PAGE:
This week, data releases were volatile-to-slightly disappointing in EMU, strong in the US and rather weak in China.
While European policymakers now need to reassure investors that the Greek default will remain singular, periphery countries do have to fully deliver on reforms to avoid further setbacks. That painful reforms will ultimately pay off is clearly demonstrated by Ireland, which we analyze in our first contribution.
Since approving the EU/IMF program in late 2010, Ireland mostly outperformed its fiscal and banking sector targets. Although still vulnerable, the economy is now showing signs of bottoming out. With the referendum on the Fiscal Compact likely to be passed and a possible restructuring of promissory notes, we expect Ireland to return to market issuance later this year.
Next week, the UK's 2012 Budget should be the major event in Europe. While we expect Chancellor Osborne to prioritize the pursuit of fiscal targets, he will make a number of minor adjustments, hoping that they will make the headlines as measures aimed at growth and social concerns, as we argue in our second focus piece.
The Week in RetrospectWith the Greek PSI deal done, the CACs delivered & CDS triggered (without causing major disruptions) and the second EU/IMF bail-out package finally signed, policymakers can now focus their efforts on making Europe more resilient against future market turmoil. By pushing ahead with structural issues like the firewall, the implementation of the Fiscal Compact and other aspects of the EMU's fundamental architecture, they have a good chance to reassure market participants that the Greek default will remain a singular event within Europe. But as we do not expect final decisions here over the next few weeks or months and with the risk that Greece does not fully deliver on reforms, investors' contagion fears may resurface from time to time affecting again other countries, predominantly Portugal. But for the time being, investors seem to be pleased (also helped by generous global liquidity as well as the positive US newsflow), prompting more and more doomsday protagonists to revise their European picture and raise their targets.
Renewed confidence – EU shares are up to an eight-month high – even ignored recent rather volatile-to-slightly disappointing data releases for the eurozone. EMU-wide January industrial production, though marginally up mom after two negative readings, came in below expectations – depressed by substantially contracting activity in Spain and Italy. Less momentum in both countries at the beginning of this year is reflected in weaker-than-expected private consumption and poor consumer sentiment. Together with the negative carry-over from 4Q11, this led us to fine-tune downwards our growth forecasts. We now expect EMU-wide GDP to expand by 0.3% this year. But our picture of sequential qoq growth is roughly unchanged: after a flat start to the year, we expect the economy to gradually recover (for details please see Marco Valli's Economic Flash as of last Friday). We, therefore, remain constructive for Europe, with our 2012 GDP forecast above consensus expectations, and further upside potential for equities and spread tightening in the sovereign debt market. slowed substantially in February on a yoy basis, but were also well below consensus expectations. Exports even dropped last month, pushing the trade balance deeply into the red to USD -31.5bn – a deficit not seen over more than three decades, as imports skyrocketed last month. However, Chinese data in the first two months of a year are heavily distorted by the Lunar New Year and the notorious yoy figures mask short-term dynamics. Also, soaring imports reflect the authorities' efforts to restock strategic base metal inventories (at favorable prices) rather than increased demand for near-term production purposes. Nevertheless, the Chinese growth slowdown will continue over the next few months due to both external and internal headwinds. We are still confident that the slowdown will bottom out during the spring, a view supported by the back-to-back increases in PMI figures. But recent weak numbers do not only highlight the downside risks to our China call – risks we have to monitor closely, they also show the need for further (selective) fiscal and monetary accommodation as well as a more constructive global environment. We expect further cuts of the reserve requirement ratios of 100-150 bp starting soon. The resumption of disinflation will lend a helping hand.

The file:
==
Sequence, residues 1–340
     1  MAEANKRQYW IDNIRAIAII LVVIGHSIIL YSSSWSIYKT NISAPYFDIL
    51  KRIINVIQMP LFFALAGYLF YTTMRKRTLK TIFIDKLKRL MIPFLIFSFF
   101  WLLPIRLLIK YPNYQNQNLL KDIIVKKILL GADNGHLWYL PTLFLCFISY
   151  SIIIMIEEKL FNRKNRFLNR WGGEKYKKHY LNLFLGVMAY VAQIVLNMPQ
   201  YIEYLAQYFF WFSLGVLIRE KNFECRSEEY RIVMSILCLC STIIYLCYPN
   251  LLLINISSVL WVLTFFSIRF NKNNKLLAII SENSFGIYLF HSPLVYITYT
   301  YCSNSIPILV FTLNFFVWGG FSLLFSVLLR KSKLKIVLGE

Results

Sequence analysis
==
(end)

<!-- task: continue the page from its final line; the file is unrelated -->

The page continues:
On the other side of the Pacific, the US economy continues to plough ahead, helping the USD to firm vs. the EUR and especially the JPY (11M high). February retail sales in the US jumped by a more-than-expected 1.1%, with the figures for the two previous months revised up solidly. Thus, 4Q real GDP growth might be revised up to 3½% from the currently reported 3%. Moreover, the numbers reveal that consumer spending entered 2012 with stronger momentum than assumed so far. The brighter outlook for the US economy is also mirrored in the improved NFIB survey tracking more labor-intensive small- and medium-sized enterprises. Even the Fed backpedaled from its cautious economic assessment in its FOMC statement this week, further reducing the likelihood of more policy accommodation. That means that “sterilized quantitative easing”, which apparently had been discussed internally as a potential successor of “Operation Twist”, probably won't be necessary. A lower chance for additional easing, however, does not mean that the Fed is getting ready to tighten its policy reins any time soon. While the first rate hike might occur a bit earlier than in late 2014 – as reiterated by the Fed –, it is unlikely to happen before 1H14.